Concepts: Core Readings traces the develoment of one of the most active areas of investigation in cognitive science. This comprehensive volume brings together the essential background readings on concepts from philosophy, psychology, and linguistics, while providing a broad sampling of contemporary research. The first part of the book centers around the fall of the Classical Theory of Concepts in the face of attacks by W.V.O. Quine, Ludwig Wittgenstein, Eleanor Rosch, and others, emphasizing the emergence and development of (...) the Prototype Theory and the controversies it spurred. The second part surveys a broad range of contemporary theories—Neoclassical Theories, the Prototype Theory, the Theory-Theory, and Conceptual Atomism. (shrink)
A study on the concept of inversion in Marx's critique of capitalism. This volume includes references to Hegel on the unity of subject and object, Smith and Ricardo on the falling rate of profit, and the concepts of capitalism and socialism.
Phenomenal concepts are the concepts that we deploy when – but arguably not only when – we introspectively examine, focus on, or take notice of the phenomenal character of our experiences. They refer to phenomenal properties (or qualities) and they do so in a subjective (first-personal) and direct (non-relational) manner. It is through the use of such concepts that the phenomenal character of our experiences is made salient to us. Discourse about the nature of phenomenal concepts (...) plays an important role in the philosophy of mind. For one, phenomenal concepts have been used to explain the epistemological relation that holds between a subject and her conscious mental states. Most prominently, however, discussions of phenomenal concepts figure in the on-going and multifaceted debate concerning the metaphysical status of consciousness. Even though some theorists have utilized phenomenal concepts in arguments purporting to show that consciousness is ontologically distinct from physical entities and processes, most accounts of phenomenal concepts are advanced having the opposite objective in mind: a proper articulation of the nature of phenomenal concepts, it is held, can defend the view that consciousness is physical against epistemic arguments to the contrary. The present entry focuses on the nature of phenomenal concepts as this is articulated and developed in attempts to defend the contention that conscious states are identical to (realized by, metaphysically necessitated by, or supervenient upon) physical states. (shrink)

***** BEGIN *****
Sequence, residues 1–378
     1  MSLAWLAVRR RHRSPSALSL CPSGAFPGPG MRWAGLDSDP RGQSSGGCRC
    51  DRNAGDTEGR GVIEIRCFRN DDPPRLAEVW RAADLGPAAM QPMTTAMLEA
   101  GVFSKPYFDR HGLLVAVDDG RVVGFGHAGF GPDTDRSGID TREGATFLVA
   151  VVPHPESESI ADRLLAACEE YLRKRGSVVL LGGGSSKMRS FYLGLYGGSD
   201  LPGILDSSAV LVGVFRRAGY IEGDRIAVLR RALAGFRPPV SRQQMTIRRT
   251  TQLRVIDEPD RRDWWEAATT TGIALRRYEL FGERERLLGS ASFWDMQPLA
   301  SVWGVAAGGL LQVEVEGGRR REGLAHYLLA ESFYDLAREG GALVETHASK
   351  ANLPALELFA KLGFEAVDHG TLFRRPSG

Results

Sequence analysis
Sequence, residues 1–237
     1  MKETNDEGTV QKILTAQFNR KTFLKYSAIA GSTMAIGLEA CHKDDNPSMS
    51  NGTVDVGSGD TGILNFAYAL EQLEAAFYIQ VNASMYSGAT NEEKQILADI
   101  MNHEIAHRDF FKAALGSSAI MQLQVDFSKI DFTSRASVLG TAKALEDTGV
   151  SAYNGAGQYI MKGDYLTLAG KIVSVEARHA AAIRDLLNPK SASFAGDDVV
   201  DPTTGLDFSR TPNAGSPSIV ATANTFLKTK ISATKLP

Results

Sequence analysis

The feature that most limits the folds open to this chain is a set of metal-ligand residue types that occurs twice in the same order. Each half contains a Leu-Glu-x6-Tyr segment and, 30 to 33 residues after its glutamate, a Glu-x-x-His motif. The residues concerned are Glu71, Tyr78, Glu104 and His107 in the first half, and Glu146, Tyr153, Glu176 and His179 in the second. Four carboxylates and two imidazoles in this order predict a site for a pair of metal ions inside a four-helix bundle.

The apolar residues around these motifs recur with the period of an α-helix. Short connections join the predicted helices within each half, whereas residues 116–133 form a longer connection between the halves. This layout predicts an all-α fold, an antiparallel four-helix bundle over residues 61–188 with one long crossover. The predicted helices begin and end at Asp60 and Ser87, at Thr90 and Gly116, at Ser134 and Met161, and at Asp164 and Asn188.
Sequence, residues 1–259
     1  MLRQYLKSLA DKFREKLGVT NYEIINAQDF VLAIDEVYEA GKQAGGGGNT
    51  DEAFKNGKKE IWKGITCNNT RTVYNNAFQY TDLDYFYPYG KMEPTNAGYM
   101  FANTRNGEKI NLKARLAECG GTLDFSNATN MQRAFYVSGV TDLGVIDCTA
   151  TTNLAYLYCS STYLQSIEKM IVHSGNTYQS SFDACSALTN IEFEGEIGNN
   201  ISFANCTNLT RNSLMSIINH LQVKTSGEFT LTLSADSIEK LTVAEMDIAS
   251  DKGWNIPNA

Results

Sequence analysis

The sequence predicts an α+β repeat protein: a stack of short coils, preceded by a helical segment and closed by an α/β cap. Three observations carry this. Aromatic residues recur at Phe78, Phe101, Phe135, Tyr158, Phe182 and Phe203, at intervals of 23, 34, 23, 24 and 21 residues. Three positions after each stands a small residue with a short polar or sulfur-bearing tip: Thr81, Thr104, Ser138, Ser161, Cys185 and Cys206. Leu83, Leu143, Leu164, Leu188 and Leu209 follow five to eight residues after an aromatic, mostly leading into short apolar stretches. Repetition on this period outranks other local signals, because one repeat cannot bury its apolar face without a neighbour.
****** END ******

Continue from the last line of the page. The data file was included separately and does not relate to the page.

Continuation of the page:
In the first part of this paper, conceptions of trainee teachers are defined, together with their importance for the process of teacher education. Many studies concerning teacher conceptions and models of teacher development show that the conceptions of instruction, knowledge, and teacher and learner roles are a key part of the teacher’s professional equipment. They affect his/her thinking, experiences and actions, and thus directly determine the quality of instruction and the teacher’s professional growth. The Slovene school system has been undergoing (...) many changes in the past decade. The success of the reforms largely depends on the way teachers perceive knowledge and other basic educational categories. The purpose of the present study was to identify the conceptions of knowledge, teacher and learner roles held by the student teachers in primary education at the beginning of their professional training. Numerous categorizations of these conceptions were reviewed to form a four‐tiered hierarchic taxonomy of conception categories, ranging from teacher and content centred to learner and learning centred. The study shows that trainee teachers largely hold conceptions typical of the transmission model of education. The key question arising from this is how to shift the students’ conceptions towards a modern, cognitive‐constructivist model of education, which is an important basis for the didactic reform of the Slovene school system. (shrink)
The paper presents the ontological aspects of the conception of alēthēs anthrōpos and the problem of relations between individual human being and hypostases Psyche and Nous. According to Enn. I. 1  the nature of man is twofold — man is zōon on the one hand, and man is psuchē on the second. But in the light of Plotinus’ monopsychism the genuine dimension of our being owns a beyond-individual character. The real capability of uniﬁcation with Nous is one of the (...) activities inherently connected with dynamical nature of Soul. The levels of human consciousness are identical with the gradation of activities of Psyche taken as hypostasis and alēthēs anthrōpos represents the epistrophical return to Intellect. Key words PLOTINUS, ANTHROPOLOGY. (shrink)